Enforcement. From October 2013 through September 2015 Medicare administrative contractors (MACs) conducted limited “probe & educate” reviews, and quality improvement organizations (QIOs) began conducting reviews in October 2015. QIO review has had its challenges, however, and in 2016 CMS temporarily “paused” QIO patient status reviews (see QIOs back to reviewing Two-Midnight rule claims, Health Law Daily, September 13, 2016). In April 2017 the QIO record selection process changed; QIOs now sample the top 175 providers with a high or increasing number of short stay claims per area with a request for 25 cases, and all other providers previously identified as having “major concerns” in the prior round of review will have a request for 10 cases.

Recovery audit contractors (RACs) may conduct provider-specific patient status reviews for providers that have been referred by the QIO as exhibiting persistent noncompliancewith Medicare payment policies, including consistently failing to adhere to the two midnight rule. The presenters noted that providers should be “extra cautious” in light of the potential for RAC referrals.

The two-midnight rule is also on the HHS Office of Inspector General’s (OIG) radar. In December 2016, the OIG issued a report based on a claims review for fiscal years 2013 and 2014 concluding that hospitals are billing for many inpatient stays that were potentially inappropriate (see Two-midnight Medicare policy succeeding but still lacks full cooperation, Health Law Daily, December 19, 2016). The OIG also stated in its FY 2017 work plan that it intends to review hospitals’ use of inpatient and outpatient stays under the two midnight rule.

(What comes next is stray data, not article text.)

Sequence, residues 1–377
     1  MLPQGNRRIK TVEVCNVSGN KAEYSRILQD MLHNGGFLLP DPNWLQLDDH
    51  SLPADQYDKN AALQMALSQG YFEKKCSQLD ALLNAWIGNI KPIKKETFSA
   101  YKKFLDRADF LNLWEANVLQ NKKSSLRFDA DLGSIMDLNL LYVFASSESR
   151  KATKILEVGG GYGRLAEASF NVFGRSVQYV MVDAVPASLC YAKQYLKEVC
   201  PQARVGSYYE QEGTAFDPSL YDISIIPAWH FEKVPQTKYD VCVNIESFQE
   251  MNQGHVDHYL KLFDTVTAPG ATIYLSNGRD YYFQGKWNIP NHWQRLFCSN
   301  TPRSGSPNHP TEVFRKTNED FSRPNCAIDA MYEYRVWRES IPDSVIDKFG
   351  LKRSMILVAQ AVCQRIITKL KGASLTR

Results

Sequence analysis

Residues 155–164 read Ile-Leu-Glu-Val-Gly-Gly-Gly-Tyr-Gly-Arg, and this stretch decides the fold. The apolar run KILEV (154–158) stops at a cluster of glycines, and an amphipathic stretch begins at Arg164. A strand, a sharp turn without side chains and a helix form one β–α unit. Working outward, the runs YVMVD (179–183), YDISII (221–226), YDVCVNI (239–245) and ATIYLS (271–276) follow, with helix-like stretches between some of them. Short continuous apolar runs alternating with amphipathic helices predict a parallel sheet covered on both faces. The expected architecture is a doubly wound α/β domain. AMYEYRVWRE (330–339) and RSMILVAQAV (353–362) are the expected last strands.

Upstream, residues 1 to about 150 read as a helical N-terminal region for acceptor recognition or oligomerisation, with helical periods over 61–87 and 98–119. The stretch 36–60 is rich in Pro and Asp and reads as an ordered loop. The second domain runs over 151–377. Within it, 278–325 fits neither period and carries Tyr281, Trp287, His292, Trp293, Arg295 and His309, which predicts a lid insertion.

Hospital appeals settlement recipients identified by CMS

More than 2,000 hospitals that received almost $1.5 billion in total settlement money from CMS for fee-for-service denials based on patient status reviews for admissions prior to October 1, 2013, were identified by name, provider number, total claims settled, and amount of money received. The settlement, which was paid in 2015 at 68 percent of the net allowable amount, gave providers a guaranteed timely payment in exchange for withdrawing pending appeals that were tied up waiting through a large administrative hearing backlog. Settled claims numbers ranged from one to almost 3,000, with amounts paid between $0 and almost $16 million.

The settlement was a one-time offer by CMS to alleviate the burdens on the Medicare appeals system. The agency only settled claims for patients admitted prior to October 1, 2013, because it believed that the two-midnight rule, which began on that date, would reduce future appeals volume (see CMS offers partial payments for certain Part A hospital claims under appeal, Health Law Daily, September 3, 2014; CMS pays $1.3B to settle hospital inpatient claims, Health Law Daily, June 15, 2015).

The administrative hearing backlog remains a problem for CMS, which last month proposed regulations to improve the efficiency of the Medicare appeals process and address the increasing number of backlogged appeals waiting for administrative adjudication (Proposed rule, 81 FR 43789, July 5, 2016). The settlement offer was made nine months after Nancy Griswold, Chief Administrative Law Judge for HHS’ Office of Medicare Hearings and Appeals (OMHA), said that there were 375,000 claims waiting for adjudication and suspended new requests for hearings before an administrative law judge. As of April 2016, however, OMHA had over 750,000 pending appeals. The two-midnight rule, which did not have the desired effect of reducing appeals, has also ended after hospital backlash (see 1.5 percent payment cut overshadows end of Two-Midnight, Health Law Daily, August 3, 2016).